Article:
America has an aging population, and as such, more and more people are considering options for where and how they'll live after retirement. Overall, 70% of people currently age 65 or older will need some kind of long-term care according to the federal government.
“The gist of it is they (CCRCs or LPCs) include the full continuum of care options," meaning everything from independent or assisted living to memory care and skilled nursing care.
Many CCRCs or LPCs communities have minimum age requirements, starting at age 60 or 62, says Carol Ann McCormick, director of marketing and sales for Knollwood, a life plan community in Washington, D.C.
First, it’s important to know than that neither Medicare nor Medicaid pay directly for CCRCs or LPCs. They are federal health insurance programs and pay for care under specific circumstances.
There are two basic pricing models for CCRCs and LPCs, Carle says: the entrance fee framework and the straight rental model.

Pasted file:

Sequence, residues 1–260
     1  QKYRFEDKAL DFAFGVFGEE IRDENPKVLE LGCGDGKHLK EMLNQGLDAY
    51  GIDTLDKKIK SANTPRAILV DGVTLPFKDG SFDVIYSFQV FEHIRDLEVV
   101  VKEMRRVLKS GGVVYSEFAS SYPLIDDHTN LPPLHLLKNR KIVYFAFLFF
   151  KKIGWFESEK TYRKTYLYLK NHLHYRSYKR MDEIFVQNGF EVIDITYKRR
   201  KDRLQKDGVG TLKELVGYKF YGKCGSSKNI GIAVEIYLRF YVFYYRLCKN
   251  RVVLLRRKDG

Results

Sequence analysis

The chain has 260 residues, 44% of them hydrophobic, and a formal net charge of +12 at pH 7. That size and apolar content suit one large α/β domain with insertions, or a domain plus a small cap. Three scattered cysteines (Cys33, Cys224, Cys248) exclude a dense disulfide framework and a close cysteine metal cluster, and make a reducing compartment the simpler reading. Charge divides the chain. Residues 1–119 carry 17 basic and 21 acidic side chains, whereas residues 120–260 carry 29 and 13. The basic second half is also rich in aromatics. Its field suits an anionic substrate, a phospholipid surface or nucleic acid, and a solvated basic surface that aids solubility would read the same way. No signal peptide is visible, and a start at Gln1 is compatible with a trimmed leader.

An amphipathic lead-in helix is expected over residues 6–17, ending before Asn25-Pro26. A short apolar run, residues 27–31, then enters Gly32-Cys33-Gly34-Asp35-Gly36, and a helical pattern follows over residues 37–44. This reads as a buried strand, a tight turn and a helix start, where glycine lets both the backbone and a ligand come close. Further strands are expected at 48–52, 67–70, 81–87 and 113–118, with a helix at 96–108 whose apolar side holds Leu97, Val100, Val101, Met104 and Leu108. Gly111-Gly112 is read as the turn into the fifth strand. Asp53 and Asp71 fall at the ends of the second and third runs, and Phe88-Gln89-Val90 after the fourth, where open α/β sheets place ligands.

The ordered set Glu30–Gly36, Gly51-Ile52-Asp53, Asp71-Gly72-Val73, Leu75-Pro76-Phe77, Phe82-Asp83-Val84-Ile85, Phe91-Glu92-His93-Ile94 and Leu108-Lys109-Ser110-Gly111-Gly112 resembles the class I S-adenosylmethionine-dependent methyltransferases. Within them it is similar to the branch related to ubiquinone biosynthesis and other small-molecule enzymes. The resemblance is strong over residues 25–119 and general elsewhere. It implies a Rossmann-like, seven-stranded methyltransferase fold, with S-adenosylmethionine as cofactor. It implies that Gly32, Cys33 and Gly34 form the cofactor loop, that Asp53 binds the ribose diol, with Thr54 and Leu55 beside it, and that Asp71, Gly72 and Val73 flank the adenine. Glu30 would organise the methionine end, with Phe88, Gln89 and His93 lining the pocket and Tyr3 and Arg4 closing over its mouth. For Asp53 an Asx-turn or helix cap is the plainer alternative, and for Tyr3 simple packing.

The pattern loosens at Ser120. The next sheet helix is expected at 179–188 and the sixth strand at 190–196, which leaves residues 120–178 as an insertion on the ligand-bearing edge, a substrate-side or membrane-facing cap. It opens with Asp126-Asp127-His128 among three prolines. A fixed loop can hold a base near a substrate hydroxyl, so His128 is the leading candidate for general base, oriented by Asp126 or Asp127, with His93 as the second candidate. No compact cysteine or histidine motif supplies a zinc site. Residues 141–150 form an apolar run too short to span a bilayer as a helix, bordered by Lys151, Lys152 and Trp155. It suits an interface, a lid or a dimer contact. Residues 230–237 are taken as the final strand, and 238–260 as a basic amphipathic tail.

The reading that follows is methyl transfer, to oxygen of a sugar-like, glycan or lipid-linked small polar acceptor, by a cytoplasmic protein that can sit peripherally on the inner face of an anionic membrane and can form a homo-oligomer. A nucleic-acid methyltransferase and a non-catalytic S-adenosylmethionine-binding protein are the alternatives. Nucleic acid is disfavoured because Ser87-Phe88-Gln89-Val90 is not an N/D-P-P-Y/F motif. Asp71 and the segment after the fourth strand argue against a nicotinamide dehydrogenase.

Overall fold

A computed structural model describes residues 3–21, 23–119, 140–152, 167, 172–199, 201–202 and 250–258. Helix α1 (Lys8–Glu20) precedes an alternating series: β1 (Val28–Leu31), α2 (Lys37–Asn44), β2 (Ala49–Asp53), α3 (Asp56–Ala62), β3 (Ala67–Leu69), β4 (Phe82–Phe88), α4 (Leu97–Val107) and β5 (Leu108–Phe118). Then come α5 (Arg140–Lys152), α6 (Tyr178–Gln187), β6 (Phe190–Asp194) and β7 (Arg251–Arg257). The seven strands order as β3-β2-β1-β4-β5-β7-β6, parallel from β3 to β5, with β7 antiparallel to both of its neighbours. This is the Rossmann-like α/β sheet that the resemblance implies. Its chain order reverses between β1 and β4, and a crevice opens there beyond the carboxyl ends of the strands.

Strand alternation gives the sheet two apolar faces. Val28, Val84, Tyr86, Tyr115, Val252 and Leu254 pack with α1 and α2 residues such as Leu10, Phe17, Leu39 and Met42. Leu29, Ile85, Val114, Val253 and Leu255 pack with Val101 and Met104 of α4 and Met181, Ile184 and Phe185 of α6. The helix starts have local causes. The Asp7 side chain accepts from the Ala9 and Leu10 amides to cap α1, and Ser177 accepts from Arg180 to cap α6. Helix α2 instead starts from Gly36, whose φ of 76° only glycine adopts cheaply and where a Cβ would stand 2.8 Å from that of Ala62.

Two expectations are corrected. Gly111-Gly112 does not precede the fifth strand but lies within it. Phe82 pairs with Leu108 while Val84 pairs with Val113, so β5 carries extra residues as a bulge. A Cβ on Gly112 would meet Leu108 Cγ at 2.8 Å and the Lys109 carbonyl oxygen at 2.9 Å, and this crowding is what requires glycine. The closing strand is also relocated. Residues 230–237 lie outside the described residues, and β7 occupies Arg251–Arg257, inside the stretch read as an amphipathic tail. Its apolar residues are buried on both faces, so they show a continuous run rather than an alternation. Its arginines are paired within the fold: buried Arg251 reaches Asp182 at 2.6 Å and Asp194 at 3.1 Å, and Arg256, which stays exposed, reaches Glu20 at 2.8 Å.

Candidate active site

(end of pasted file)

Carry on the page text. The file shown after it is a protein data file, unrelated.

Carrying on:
Some CCRCs participate in an accreditation process conducted by the Commission on Accreditation of Rehabilitation Facilities, an international non-profit organization. There’s no requirement that CCRCs obtain such accreditation, and most such communities are not certified by CARF, Carle says.
Many CCRCs are in remote settings. A beautiful countryside setting may be tranquil, but Carle says many of today's retirees, which include many baby boomers, are less interested in living on what they view as an "elderly island" separated from the rest of the world.
You can also ask for inspection reports and complaints. The community's administration should provide those on request, which could save you phone calls or a trip to a state regulatory agency.